By breaking my active nicotine addiction, I've not purchased and smoked 11560 cigarettes that would have cost me $3,551.84.
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hwc
hwc

6:40 AM - Oct 13, 2009 #86

Hey guys, it's me on my monthly reaffirmation. I read page 4 of this month and am reaffirming my personal commitment to never take another puff. Wonderfully quiet month. I've backed away from stop smoking discussions on the internet because, frankly, that's the only time I even think about smoking these days. The memories of smoking are starting to grow faint. As long as I take out my monthly insurance policy with a commitment to never take another puff for 30 more more days, I feel like I should be good to go. I've worked very hard to train myself to view smoking in a very negative light -- mental muscle memory that I'm sure would kick in if I every had a brainfade and even thought about a cigarette. I can't remember the last time that happened. Honestly, I knew on day three I'd never smoke again and I've never really come close -- which is not to say I didn't have to pace up and down the driveway a few times in the early going! Anyway, here's my monthly bump of the The One Puff Files.

After smoking for 35+ years, I quit cold turkey One Year, Eight Months, Two Days, 1 Hour and 29 Minutes ago. By breaking my active nicotine addiction, I've not purchased and smoked 12201 cigarettes that would have cost me $3,753.70. They tell me I've extended my life expectancy by 42 Days and 8 Hours as a result of quitting when I did.
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hwc
hwc

7:03 AM - Dec 11, 2009 #87

Me again. Just my monthly ritual. Reading a few pages of The One Puff Files and making a personal commitment to never take another puff for 30 more days. I actually touched a cigarette for the first time in 22 months this week. I had touched an unopened pack I found a few months back - a souvenir pack my daughter had brought me from China. She understood when I told her I had found them and thrown them away. This week, I found a half smoked cigarette butt buried deep at the bottom of a desk drawer. That went straight to the trash can, too. Felt so odd, so foreign, to touch a cigarette. I remember the misery of the drug addiction vividly. I remember my last awful puff, but the memories of physically handling cigarettes are growing distant. Fine with me.

After smoking for 35+ years, I quit cold turkey One Year, Ten Months and 56 Minutes ago. By breaking my active nicotine addiction, I've not purchased and smoked 13381 cigarettes that would have cost me $4,126.66. They tell me I've extended my life expectancy by 46 Days and 11 Hours as a result of quitting when I did.
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glhage
glhage

12:12 AM - Dec 14, 2009 #88

Finding people that know what it's like to relapse should be easy( until they find this website). I failed many quits because I kept thinking one puff or one cigarette wouldn't hurt. I never made it for any length of time, usually after about two months i would get stupid and have that first one and you know the rest. Once time I went over a year of just smoking when drinking or bumming one when someone stopped by. Of course I was just torturing myself and enventually was back to 2 packs a day. Now that I've found this site with all the info and support, I feel I will make it this time because I finally got it!! All I have to do is never take another puff!! Genius!!
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hwc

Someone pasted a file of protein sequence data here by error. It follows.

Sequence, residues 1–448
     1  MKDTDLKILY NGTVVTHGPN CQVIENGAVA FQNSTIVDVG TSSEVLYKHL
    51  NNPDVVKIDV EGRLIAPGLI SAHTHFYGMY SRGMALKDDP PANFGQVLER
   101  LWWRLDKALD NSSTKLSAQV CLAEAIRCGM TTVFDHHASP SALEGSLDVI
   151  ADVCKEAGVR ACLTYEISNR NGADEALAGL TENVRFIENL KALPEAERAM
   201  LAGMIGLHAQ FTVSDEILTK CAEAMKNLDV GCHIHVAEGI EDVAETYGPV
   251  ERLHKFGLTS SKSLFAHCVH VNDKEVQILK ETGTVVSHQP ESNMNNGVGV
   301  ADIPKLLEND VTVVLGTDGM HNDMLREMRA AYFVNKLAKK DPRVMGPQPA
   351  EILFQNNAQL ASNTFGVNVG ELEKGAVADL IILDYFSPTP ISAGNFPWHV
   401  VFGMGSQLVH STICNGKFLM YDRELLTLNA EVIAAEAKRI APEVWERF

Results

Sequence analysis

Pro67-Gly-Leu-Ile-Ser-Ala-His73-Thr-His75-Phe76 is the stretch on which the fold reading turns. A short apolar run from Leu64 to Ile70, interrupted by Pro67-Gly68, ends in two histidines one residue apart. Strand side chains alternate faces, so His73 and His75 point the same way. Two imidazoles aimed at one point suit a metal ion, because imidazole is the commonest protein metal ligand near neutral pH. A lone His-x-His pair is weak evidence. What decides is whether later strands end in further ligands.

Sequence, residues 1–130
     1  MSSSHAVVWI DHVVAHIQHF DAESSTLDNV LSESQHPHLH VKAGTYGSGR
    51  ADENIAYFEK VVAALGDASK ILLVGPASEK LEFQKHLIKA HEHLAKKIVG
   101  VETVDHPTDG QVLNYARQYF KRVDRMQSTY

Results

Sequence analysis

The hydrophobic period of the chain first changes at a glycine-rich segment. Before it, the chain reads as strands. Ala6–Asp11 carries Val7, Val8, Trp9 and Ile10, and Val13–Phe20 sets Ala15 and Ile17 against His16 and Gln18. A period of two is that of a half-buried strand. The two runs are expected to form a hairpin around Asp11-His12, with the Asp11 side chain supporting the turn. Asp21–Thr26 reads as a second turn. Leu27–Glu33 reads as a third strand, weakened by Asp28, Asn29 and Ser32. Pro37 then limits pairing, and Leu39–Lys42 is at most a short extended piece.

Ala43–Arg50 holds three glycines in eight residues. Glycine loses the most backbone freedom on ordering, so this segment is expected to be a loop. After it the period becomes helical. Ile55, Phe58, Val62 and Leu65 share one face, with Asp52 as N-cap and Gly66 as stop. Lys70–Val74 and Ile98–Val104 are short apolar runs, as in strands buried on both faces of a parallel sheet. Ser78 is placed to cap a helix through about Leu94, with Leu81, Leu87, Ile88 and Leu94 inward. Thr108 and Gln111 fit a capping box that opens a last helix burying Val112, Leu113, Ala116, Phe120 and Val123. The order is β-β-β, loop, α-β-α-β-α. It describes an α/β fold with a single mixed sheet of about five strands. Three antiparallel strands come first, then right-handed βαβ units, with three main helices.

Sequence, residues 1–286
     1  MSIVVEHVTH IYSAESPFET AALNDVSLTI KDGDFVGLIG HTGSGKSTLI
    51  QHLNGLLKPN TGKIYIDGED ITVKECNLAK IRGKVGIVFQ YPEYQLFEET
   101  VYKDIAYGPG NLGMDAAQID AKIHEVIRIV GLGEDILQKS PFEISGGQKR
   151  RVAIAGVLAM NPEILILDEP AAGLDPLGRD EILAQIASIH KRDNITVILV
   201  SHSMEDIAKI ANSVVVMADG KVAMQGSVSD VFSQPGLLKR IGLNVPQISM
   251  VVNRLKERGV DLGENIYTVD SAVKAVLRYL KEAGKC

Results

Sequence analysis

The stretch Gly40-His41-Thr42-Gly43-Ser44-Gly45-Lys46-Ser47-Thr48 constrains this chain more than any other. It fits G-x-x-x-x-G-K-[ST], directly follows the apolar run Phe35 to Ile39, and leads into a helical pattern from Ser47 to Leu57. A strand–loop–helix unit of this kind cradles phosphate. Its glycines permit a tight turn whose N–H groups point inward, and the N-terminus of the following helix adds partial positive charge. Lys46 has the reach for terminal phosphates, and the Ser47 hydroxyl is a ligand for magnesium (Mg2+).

hwc

6:14 AM - Feb 11, 2010 #89

Reading and bumping as I do every month on my anniversary, renewing my personal commitment to never take another puff for 30 more days. Actually, I have personal commitment to never take another puff forever, but I like my little monthly ritual as a way of renewing a foolproof insurance policy.

A special anniversary tonight:

After smoking for 35+ years, I quit cold turkey Two Years and 1 Minute ago. By breaking my active nicotine addiction, I've not purchased and smoked 14620 cigarettes that would have cost me $4,897.15.
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apples2967
apples2967

9:46 AM - Apr 18, 2012 #90

My quit is my focus, my freedom my reward.
1 year and 2 days free. My guard is high, cause i am weak. Im compulsive, addictive, gullable. But this website has given me information. I KNOW i cant EVER take another puff, and its my daily, my hourly goal. I will never be a non smoker, i will always be an addict who doesnt smoke.

Its wonderful to read thru threads like these, to keep u commited, focused. That demon inside was starting to say, "hey, its been a year, 1 wont hurt " OMG that scared me. Straight back here, read, read and read some more. My /Our quits are so very very delicate, cherish your quit, and celebrate it everyday.

No puff today

Steve

PS, i smoked for 25 years 2 packs per day
  
Last edited by apples2967 on 1:12 AM - Apr 19, 2012, edited 1 time in total.
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Joined: 7:22 PM - Nov 11, 2008

1:20 AM - Apr 19, 2012 #91

apples2967 wrote:That demon inside was starting to say, "hey, its been a year, 1 wont hurt "  
 


Congratulations on your first full year of freedom and healing, Steve!!!  Understandable that after a full year that some of the basic lessons taught here at Freedom might slip your mind.   But for the benefit of all Freedom's newbies and to set the record straight ... there are no monsters or demons within

Once and for all, there is no Nicodemon

Breathe deep, hug hard, live long,

John - Gold x12
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Marcia622
Marcia622

12:12 AM - Jun 26, 2013 #92

I am this bumping to the top in appreciation for HWC's journal.
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hwc
hwc

5:11 AM - Mar 23, 2015 #93

Made me sad to see that this thread had not been bumped to the top in almost two years. I had to bump it. Must read for anyone working on making a quit permanent by reinforcing a commitment to never take another puff!
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KathyKoyn
KathyKoyn

11:34 AM - Mar 23, 2015 #94

Thanks for bumping this to the top, HWC.  I will read this file daily as a reminder that I must stay vigilant.  
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hwc
hwc

3:39 AM - Mar 24, 2015 #95

It's great insurance against the odd moment when you might be tempted think about one puff. Visualizing what one puff really means (for me, smoking all day, every day, 7300 cigarettes a year until it kills me) is just being honest instead of thinking about some fantasy puff.